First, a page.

Reacting to Tuesday's announcement, Todd Nogier, manager of enterprise corporate communications for Enbridge, said the company was "pleased" with the approval of the Line 3 project, but disappointed with the decision on Northern Gateway.

He noted that the decision affects not just Enbridge, but 31 aboriginal partners along the pipeline corridor, who had partial ownership in the project and now stand to lose out on $2 billion worth of economic benefits.

"In advancing Northern Gateway, we relied on a process that saw the federal government approve the project," Nogier said. "The Federal Court of Appeal then found that the federal government failed to properly consult Indigenous communities, but affirmed our engagement on the project.

"Given today’s decision, we’ll need to assess our alternatives which we’ll do in consultation with our partners, including our Aboriginal Equity Partners."

Ian Anderson, president of Kinder Morgan Canada, said the decision to approve Trans Mountain was "a defining moment for our project and Canada’s energy industry."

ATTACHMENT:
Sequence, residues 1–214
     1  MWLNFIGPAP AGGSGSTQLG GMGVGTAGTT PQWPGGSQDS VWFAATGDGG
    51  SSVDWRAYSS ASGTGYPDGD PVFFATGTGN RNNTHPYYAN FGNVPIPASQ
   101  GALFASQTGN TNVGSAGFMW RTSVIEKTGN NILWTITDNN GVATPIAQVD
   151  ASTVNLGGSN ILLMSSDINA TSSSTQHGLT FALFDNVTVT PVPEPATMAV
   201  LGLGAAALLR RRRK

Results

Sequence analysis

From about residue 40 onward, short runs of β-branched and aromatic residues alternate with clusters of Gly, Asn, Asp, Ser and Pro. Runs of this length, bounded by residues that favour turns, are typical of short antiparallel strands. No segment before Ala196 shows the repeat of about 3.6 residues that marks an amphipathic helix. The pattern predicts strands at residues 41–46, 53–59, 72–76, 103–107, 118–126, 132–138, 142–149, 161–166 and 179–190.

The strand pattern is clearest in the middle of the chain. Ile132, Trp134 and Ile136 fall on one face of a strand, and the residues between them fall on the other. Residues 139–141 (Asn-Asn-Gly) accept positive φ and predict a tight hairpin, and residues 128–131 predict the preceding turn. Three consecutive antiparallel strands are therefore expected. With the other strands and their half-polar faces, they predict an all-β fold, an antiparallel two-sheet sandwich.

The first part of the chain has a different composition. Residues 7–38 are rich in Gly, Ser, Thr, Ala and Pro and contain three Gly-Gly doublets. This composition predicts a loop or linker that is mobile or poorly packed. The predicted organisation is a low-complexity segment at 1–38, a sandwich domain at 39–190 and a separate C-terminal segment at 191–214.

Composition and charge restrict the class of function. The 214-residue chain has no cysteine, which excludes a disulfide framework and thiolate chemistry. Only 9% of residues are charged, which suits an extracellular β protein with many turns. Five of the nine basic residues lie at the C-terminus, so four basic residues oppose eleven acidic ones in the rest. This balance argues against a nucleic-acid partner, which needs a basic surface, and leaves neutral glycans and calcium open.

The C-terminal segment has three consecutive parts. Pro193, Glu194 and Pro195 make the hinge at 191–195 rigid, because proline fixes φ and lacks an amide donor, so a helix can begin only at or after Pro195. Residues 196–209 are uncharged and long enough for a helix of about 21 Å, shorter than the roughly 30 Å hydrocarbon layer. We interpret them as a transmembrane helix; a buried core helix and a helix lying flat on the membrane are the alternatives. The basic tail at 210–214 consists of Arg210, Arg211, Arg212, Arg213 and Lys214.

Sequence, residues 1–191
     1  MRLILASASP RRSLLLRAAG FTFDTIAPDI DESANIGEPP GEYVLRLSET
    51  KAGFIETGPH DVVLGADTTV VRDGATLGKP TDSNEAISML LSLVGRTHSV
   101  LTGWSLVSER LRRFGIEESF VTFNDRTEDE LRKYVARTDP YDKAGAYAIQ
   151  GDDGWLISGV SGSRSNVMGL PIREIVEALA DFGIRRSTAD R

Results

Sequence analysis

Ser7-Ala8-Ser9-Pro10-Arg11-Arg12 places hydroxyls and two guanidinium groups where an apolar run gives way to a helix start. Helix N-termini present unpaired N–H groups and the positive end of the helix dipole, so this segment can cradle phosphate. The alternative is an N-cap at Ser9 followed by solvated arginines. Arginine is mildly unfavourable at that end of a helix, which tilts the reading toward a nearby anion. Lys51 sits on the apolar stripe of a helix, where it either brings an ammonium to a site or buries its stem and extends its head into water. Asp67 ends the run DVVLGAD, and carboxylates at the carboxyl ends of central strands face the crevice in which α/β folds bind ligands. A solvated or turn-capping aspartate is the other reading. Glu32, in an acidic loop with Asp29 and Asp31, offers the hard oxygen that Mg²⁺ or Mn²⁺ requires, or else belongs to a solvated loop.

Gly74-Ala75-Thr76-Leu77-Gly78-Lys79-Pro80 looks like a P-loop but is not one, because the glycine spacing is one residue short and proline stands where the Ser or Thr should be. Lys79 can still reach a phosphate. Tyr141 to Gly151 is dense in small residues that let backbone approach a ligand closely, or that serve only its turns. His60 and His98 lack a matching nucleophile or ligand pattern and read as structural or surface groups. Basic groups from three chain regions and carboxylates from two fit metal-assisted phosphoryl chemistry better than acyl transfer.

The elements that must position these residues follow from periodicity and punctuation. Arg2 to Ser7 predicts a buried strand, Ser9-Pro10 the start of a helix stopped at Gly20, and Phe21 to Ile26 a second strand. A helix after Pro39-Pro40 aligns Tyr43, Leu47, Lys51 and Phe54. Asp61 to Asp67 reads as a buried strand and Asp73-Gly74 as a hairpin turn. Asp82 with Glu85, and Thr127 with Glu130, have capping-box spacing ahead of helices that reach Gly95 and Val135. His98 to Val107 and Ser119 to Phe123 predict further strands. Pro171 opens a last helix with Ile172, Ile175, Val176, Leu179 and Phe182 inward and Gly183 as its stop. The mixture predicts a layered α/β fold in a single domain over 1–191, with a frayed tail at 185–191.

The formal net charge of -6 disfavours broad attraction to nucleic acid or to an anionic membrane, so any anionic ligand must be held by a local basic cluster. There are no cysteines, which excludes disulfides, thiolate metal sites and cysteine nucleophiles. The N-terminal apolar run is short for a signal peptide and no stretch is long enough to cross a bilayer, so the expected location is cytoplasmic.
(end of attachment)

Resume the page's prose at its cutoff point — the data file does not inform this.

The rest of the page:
“This decision follows many years of engagement and the presentation of the very best scientific, technical and economic information.  We are excited to move forward and get this project built, for the benefit of our customers, communities and all Canadians.”

Although it was in the works long before the Trans Mountain expansion project, as a greenfield project that would require building a new pipeline across mountain ranges to Kitimat, Northern Gateway was fraught with environmental and First Nations opposition from the get-go. Even the B.C. government opposed it, despite its promise of 3,000 construction jobs and 560 permanent jobs.

The Joint Review process for Northern Gateway began in January 2012. The project was approved, with 209 conditions, under the Stephen Harper government in 2014.

But First Nations were successful in a court challenge, when the Federal Court of Appeal ruled that federal officials had not properly consulted several First Nations along the line, and quashed an Order in Council approving it.

That meant the federal government would have to do further consultations with the First Nations affected by the pipeline – something Trudeau announced Tuesday it was not prepared to do.